Although the month of June showed an initial rebound in sentiment among Americans, the recent worsening of the coronavirus pandemic has caused preliminary July data to produce disappointing results.
According to a recent report published by the University of Michigan, preliminary sentiment data showed the sentiment index fell by 4.9 points to 73.2, thus effectively eliminating the 5.8 point gain in June. The consumer expectations index fell by 6.1 points to 66.2, while the economic conditions index declined by 3.9 points to 84.2.
Although the reopening of the economy gave consumers some confidence in June, by the beginning of July much of that confidence did not carry over. The resurgence of the coronavirus has caused some Americans to become less optimistic about their future financial situations. Still, 42% reported that their income situation has improved since the rock-bottom of the pandemic, but not significantly better than the previous month’s 39%. In addition, the majority of the financial improvements were among those under the age of 45, and with household incomes in the top third.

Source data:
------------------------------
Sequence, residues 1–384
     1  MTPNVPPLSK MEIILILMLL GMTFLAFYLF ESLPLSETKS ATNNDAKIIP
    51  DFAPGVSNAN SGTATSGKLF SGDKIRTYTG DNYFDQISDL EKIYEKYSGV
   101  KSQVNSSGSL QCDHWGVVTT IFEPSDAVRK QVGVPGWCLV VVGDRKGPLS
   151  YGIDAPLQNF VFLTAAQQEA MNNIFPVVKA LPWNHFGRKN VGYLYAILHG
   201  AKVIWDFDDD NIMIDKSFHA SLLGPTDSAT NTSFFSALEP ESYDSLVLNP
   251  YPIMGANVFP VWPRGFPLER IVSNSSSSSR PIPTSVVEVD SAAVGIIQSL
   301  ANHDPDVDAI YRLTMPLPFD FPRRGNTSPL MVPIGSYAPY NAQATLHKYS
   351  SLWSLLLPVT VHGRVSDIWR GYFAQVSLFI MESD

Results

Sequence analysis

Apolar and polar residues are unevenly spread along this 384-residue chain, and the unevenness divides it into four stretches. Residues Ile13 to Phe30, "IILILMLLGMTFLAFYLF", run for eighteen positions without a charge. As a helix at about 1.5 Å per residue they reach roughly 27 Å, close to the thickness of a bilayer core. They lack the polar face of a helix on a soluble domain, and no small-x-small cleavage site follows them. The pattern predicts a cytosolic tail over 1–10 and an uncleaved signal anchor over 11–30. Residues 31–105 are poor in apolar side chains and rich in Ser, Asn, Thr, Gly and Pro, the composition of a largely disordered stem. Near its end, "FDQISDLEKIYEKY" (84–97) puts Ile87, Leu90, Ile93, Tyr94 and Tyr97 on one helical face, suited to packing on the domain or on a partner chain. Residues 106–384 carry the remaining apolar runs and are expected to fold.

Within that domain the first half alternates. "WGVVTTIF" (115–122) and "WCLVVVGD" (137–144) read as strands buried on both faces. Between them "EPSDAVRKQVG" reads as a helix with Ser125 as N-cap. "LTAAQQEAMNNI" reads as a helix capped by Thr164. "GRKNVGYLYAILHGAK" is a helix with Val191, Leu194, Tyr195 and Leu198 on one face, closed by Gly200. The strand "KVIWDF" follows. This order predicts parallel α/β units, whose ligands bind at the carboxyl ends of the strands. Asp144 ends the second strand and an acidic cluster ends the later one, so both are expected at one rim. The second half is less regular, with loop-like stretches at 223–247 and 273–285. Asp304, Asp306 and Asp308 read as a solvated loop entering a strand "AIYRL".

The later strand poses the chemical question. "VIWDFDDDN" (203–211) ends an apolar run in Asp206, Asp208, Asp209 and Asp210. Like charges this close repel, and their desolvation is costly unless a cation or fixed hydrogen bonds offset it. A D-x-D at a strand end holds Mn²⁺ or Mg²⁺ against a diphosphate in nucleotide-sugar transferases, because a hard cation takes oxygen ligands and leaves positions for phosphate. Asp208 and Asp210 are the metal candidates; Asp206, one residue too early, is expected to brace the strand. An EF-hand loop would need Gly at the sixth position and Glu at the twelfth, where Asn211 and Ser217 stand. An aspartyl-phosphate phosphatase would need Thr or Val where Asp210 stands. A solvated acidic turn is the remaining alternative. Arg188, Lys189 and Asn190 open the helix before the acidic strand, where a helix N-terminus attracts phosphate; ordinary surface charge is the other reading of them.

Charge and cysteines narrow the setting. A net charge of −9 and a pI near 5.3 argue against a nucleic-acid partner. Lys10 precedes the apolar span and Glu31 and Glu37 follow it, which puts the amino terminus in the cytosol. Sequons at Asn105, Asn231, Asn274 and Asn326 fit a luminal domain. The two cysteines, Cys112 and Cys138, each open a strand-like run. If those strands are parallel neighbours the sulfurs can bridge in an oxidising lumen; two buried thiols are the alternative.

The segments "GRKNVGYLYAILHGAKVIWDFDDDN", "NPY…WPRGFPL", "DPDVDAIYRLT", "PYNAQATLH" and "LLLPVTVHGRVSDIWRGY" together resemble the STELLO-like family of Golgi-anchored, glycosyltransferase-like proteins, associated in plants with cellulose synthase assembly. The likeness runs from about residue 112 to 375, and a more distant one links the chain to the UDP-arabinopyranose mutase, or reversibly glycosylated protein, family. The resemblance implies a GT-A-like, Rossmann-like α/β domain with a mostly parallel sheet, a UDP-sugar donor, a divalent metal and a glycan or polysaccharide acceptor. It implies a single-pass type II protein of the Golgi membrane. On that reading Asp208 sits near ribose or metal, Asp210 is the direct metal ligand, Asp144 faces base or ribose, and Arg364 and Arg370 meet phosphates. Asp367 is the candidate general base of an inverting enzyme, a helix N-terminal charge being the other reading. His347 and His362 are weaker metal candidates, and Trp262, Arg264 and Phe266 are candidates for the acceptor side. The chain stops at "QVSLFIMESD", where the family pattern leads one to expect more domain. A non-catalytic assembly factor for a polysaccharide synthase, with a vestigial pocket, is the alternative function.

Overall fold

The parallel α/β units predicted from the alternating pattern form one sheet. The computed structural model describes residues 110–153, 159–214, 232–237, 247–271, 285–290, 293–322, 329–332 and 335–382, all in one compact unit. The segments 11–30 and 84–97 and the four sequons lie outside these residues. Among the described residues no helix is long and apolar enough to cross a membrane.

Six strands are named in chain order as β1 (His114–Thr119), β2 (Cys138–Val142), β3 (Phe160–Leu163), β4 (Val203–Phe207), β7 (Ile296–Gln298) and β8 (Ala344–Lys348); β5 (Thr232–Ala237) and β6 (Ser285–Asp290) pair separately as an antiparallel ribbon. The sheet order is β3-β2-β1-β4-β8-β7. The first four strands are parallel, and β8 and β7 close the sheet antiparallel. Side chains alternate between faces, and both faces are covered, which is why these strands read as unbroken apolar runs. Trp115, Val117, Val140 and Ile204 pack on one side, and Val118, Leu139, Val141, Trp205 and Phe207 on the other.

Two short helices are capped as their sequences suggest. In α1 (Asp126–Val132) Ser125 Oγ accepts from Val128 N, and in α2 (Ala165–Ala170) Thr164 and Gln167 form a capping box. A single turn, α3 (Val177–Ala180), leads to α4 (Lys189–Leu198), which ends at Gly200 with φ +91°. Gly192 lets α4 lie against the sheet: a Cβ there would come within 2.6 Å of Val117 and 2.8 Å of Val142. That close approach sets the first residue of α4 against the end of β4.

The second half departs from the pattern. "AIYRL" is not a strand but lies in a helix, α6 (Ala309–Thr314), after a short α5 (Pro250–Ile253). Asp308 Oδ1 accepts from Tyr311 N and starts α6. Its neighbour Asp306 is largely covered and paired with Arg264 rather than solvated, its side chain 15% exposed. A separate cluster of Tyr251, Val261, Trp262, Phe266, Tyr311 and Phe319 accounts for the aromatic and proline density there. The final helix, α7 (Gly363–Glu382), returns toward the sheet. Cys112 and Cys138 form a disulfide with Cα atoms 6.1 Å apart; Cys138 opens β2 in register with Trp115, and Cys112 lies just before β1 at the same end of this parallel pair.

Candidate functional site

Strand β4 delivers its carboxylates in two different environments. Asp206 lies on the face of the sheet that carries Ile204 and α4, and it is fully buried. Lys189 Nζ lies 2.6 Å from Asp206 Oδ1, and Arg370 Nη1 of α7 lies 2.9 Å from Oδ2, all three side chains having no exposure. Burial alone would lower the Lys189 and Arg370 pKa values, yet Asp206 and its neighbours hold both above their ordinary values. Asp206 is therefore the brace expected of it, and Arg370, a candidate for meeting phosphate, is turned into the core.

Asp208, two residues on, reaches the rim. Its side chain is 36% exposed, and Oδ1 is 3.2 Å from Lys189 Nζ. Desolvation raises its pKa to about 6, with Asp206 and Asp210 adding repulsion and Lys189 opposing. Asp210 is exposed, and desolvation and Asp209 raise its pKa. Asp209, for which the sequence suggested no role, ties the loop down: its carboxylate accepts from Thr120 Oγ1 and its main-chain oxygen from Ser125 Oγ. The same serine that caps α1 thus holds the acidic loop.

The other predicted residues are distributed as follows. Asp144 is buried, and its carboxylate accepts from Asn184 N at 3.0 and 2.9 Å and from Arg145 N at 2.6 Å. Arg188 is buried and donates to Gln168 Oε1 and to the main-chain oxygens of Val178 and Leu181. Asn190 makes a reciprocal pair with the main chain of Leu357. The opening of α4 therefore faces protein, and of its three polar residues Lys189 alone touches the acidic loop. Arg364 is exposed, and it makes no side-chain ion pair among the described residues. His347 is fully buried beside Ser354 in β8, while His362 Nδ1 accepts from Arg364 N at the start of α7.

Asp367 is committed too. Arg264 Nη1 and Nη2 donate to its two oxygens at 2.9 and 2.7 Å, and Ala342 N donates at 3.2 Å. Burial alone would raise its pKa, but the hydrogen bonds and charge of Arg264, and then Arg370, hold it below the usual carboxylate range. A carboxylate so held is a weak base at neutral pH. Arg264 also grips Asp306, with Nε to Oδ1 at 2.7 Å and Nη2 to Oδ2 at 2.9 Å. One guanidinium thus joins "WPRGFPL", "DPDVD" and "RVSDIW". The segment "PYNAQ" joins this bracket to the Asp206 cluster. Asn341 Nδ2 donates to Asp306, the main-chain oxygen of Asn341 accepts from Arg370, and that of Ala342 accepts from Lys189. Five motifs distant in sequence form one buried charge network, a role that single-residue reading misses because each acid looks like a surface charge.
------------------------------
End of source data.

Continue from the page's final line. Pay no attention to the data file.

In the meantime, the beginning of July also saw an improvement in buying conditions, especially for the housing market, but declined substantially for items such as large durables and vehicles. Many consumers cited the ongoing income uncertainties and grim job prospects as the main reason for postponing purchases. According to Richard Curtin, who is the director of the survey, such declines are going to continue emerging over the next several months, given that coronavirus infections are out of control and the US economy continues to be hampered.
Information for this briefing was found via University of Michigan and Bloomberg. The author has no securities or affiliations related to this organization. Not a recommendation to buy or sell. Always do additional research and consult a professional before purchasing a security. The author holds no licenses.